Marshall Allen investigates why we pay so much for health care in the United States and get so little in return. He is one of the creators of ProPublica’s Surgeon Scorecard, which published the complication rates for about 17,000 surgeons who perform eight common elective procedures. Allen’s work has been honored with several journalism awards, including the Harvard Kennedy School’s 2011 Goldsmith Prize for Investigative Reporting and coming in as a finalist for the Pulitzer Prize for local reporting for work at the Las Vegas Sun, where he worked before coming to ProPublica in 2011. Before he was in journalism, Allen spent five years in full-time ministry, including three years in Nairobi, Kenya. He has a master’s degree in Theology.
Experts say both employers and working Americans end up paying more when health insurance companies don’t report fraud to regulators and prosecutors.
To protect their networks and bottom lines, health insurers don’t aggressively pursue widespread fraud, making it easy for scammers. Then they pass the costs off to you.
In response to a story by ProPublica and Vox that detailed how a Texas personal trainer was able to bilk private insurers for millions, six Democratic lawmakers are asking federal regulators to take action.
Health insurers are regarded as fierce defenders of health care dollars. But the case of David Williams shows one reason America’s health care costs continue to rise. The personal trainer spent years posing as a doctor and billing the nation’s top insurers, making off with millions.
Fraud is one reason we all pay so much for health care. But there are simple fixes that would make it more difficult for scammers to operate.
A ProPublica story in February documented the hidden cash and gifts health insurers pay to influence independent brokers. In new proposed legislation, lawmakers say such fees should be revealed to employers.
Companies cash in by calling physicians “Super Doctor,” “Best Doctor” or “Top Doctor” and then selling them opportunities to boast about the honor. Experts call the accolades a “scam.” Giving me one highlights the absurdity.
The insurance industry gives lucrative commissions and bonuses — from six-figure payouts to a chance to bat against Mariano Rivera — to the independent brokers who advise employers. Critics call the payments a “classic conflict of interest” that drive up costs.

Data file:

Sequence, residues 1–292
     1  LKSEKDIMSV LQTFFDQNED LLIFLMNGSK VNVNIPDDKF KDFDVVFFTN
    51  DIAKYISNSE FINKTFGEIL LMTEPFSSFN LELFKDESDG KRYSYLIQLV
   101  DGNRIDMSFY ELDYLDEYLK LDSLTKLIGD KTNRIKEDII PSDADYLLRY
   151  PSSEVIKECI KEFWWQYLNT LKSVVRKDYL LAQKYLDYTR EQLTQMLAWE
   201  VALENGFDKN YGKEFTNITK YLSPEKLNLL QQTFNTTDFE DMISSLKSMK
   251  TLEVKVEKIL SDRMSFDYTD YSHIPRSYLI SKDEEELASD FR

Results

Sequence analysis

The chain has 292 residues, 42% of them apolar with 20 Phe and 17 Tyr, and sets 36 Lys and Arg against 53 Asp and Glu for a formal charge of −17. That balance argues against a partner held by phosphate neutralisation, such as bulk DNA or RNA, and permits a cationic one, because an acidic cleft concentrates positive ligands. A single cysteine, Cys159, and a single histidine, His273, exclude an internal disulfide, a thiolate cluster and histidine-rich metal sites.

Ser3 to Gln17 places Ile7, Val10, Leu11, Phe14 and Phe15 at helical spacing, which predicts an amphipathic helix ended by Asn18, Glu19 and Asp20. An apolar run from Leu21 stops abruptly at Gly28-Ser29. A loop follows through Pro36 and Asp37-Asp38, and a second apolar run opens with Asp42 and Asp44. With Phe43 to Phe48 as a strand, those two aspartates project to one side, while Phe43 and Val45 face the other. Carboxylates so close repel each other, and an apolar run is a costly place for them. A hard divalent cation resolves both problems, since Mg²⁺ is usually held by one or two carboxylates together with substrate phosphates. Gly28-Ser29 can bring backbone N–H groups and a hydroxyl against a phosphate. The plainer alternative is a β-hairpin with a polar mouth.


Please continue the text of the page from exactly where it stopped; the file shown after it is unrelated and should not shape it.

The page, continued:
CPAP units, heart monitors, blood glucose meters and lifestyle apps generate information that can be used in ways patients don’t necessarily expect. It can be sold for advertising or even shared with insurers, who may use it to deny reimbursement.
Millions of sleep apnea patients rely on CPAP breathing machines to get a good night’s rest. Health insurers use a variety of tactics, including surveillance, to make patients bear the costs. Experts say it’s part of the insurance industry playbook.
With its employee health plan in financial crisis, Montana hired a former insurance insider who pushed back against industry players with vested interests in keeping costs high. She proved, essentially, that bargaining down health care prices works.
Some people say journalists are “godless.” But I spent five years in full-time Christian ministry, and my faith has made me a better reporter.
Without any public scrutiny, insurers and data brokers are predicting your health costs based on data about things like race, marital status, how much TV you watch, whether you pay your bills on time or even buy plus-size clothing.
Patients may think their insurers are fighting on their behalf for the best prices. But saving patients money is often not their top priority. Just ask Michael Frank.
Do You Work in the Health Insurance Field? ProPublica Is Investigating the Industry and We’d Like Your Help
We need your perspective on the health insurance hustle.
A study in Washington state found that in a single year more than 600,000 patients underwent treatment they didn’t need, at an estimated cost of $282 million. “Do no harm” should include the cost of care, too, the report author says.
This year ProPublica documented the many ways waste is baked into our health care system, from destroying perfectly good medication to junking brand new supplies. Eliminating the waste could insure millions of Americans.
A ProPublica series has illustrated the many ways the U.S. health care system leaks money. Health care leaders and policymakers suggest ways to plug the holes.
After reading ProPublica’s story, lawmakers in Florida and New Hampshire say they plan to follow the example of an Iowa nonprofit that redistributes leftover medications to needy patients.
Experts in reducing charges for medical services say patients need to push for detailed answers up front about the true costs of their care.
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